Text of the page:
• PostgreSQL 14 support.

Starting with version 3.0.0, DLE collects non-personally identifiable telemetry data. This feature is enabled by default but can be switched off. Read more in the DLE documentation. Keeping telemetry enabled can be considered your contribution to the DLE development because it helps make decisions down the road of the open-source product development.

Further, we discuss the most requested changes that were implemented in DLE 3.0 – all of them were created based on real-life user experience and invaluable feedback from the growing community of users and contributors.

· 8 min read


What is this about?#

Many DDL statements in PostgreSQL support modifiers IF EXISTS / IF NOT EXISTS. For example:

test=# create table if not exists mytable();CREATE TABLEtest=# drop table if exists mytable;DROP TABLE

I recommend using IF EXISTS / IF NOT EXISTS in DDL only when necessary. Here are three examples that demonstrate how the overuse of these words may lead to negative consequences.

· 17 min read

How partial, covering, and multicolumn indexes may slow down UPDATEs in PostgreSQL

Based on a true story.

This article was originally published in 2018. This is a reviewed and extended version of it. The discussed findings can be applied to any actual major version of PostgreSQL.

Primum non nocere#

"Primum non nocere" – this is a fundamental principle that is well-known to anyone working in healthcare: "first, do no harm". It is a reminder: when considering any action that is supposed to improve something, we always need to look at the global picture to see if there might be something else that be damaged by the same action.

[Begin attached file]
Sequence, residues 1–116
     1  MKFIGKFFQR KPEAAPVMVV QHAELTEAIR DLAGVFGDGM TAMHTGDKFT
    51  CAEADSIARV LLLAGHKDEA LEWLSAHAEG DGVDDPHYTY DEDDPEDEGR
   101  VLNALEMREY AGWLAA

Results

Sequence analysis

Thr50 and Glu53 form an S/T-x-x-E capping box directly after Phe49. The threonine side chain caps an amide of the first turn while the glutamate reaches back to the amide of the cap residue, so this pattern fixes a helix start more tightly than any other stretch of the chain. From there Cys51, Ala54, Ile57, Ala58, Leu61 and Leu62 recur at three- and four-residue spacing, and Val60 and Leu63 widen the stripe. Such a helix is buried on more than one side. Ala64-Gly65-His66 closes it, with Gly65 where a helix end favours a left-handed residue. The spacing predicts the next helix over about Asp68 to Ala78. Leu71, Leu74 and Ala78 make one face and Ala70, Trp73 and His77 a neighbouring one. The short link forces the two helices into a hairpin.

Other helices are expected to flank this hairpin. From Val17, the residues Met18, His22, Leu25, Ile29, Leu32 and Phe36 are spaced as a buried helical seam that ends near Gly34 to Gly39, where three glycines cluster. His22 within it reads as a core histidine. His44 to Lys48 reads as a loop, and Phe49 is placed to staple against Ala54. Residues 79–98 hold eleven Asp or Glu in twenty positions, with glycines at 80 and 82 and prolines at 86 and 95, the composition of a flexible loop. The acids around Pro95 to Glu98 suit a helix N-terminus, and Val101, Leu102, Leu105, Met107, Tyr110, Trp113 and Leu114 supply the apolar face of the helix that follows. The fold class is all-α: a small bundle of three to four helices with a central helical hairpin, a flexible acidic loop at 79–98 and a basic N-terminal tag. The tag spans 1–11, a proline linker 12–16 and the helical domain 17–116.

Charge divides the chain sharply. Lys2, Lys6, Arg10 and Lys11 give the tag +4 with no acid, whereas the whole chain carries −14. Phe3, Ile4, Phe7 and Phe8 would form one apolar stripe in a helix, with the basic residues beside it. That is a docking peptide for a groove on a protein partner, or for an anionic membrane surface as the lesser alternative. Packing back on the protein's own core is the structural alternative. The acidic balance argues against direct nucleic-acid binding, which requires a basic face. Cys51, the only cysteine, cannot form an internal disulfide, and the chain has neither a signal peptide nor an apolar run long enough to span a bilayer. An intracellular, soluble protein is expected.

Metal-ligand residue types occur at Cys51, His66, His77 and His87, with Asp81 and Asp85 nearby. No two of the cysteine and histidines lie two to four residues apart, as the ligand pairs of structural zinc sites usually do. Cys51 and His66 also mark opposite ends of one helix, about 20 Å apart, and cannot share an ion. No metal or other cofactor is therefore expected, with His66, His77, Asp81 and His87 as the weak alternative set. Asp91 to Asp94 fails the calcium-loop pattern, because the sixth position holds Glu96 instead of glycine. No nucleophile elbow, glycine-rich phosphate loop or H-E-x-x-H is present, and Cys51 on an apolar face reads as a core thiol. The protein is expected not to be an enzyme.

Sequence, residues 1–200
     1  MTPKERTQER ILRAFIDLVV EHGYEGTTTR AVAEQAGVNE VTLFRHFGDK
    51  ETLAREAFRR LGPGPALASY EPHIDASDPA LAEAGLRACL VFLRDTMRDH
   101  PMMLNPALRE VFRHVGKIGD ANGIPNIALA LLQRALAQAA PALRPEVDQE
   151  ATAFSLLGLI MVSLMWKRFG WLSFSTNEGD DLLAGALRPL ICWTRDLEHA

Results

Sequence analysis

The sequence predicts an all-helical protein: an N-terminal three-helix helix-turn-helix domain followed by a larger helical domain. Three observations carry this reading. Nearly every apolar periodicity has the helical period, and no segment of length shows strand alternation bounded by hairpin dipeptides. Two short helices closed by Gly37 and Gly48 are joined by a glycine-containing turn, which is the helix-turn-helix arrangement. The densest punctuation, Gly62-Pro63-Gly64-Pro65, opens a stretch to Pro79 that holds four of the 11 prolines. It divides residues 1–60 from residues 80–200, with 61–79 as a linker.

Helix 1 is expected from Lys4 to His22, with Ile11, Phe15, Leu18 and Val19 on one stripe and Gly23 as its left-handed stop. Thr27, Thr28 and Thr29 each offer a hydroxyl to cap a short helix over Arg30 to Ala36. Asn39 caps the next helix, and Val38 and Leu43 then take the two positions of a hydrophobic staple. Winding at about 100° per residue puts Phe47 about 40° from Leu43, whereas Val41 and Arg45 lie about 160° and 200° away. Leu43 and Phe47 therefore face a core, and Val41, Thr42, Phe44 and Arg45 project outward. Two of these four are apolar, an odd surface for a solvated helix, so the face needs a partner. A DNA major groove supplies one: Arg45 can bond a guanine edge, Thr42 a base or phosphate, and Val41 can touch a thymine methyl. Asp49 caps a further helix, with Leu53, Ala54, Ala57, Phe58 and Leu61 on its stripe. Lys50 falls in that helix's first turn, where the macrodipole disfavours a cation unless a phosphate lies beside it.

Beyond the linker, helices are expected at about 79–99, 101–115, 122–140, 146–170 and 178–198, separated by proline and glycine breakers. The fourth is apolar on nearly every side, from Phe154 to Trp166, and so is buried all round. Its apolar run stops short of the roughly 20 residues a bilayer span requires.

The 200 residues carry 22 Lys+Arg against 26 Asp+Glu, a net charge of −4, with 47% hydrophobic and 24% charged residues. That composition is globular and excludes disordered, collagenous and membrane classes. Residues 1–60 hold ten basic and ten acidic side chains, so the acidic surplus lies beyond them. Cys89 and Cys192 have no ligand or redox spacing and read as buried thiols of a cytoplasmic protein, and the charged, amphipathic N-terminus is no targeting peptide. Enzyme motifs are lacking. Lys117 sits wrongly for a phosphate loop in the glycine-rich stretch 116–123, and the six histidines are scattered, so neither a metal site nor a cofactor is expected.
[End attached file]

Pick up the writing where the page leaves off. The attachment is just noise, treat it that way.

This is a great principle and it is used not only in healthcare, of course. I strongly believe that it has to be used in database optimization too, and we need better tools to make it happen.

· 2 min read

The Database Lab Platform now supports the ability to reset a clone's state using any available data snapshot on the Database Lab Engine (DLE) instance. It means that now you can get fresh data very quickly (a few seconds, as usual) to your clone, keeping all the credentials the same – including the port. Previously, it was a problem that one would need to create a new clone to get new data. This implies getting database credentials, most likely including a new port value, which was not always convenient.

It might be helpful in the cases when long-living clones need to be refreshed to get the most up-to-date data from the source (usually, production) or when troubleshooting a non-trivial issue requiring the use of a specific database version from the past (specific point in time).

Reset options demo

· 6 min read

Example output of the query for 'lock trees' analysis

For OLTP workloads (such as web and mobile applications), it is important to understand object-level and row-level locks in PostgreSQL. There are several good materials that I can recommend reading:

· 21 min read

Graceful Postgres database schema migrations

Zero-downtime database schema migrations#

This is one of those topics that hit experienced Postgres DBAs badly. So badly that hypothetical Socrates of 21th century could be one of those Postgres DBAs and the words "I know that I know nothing" would sound natural. I've seen dozens of projects with busy Postgres setups serving lots of TPS, in mission-critical systems in zillion-dollar companies, where database engineers were thinking that they are experienced and know what they are doing – and then suddenly this, quite a basic topic, made them say "ouch" and quickly fix their DDL deploy systems. Well, let's be frank: I was in this position myself, learning this after more than 10 (!) years of Postgres experience.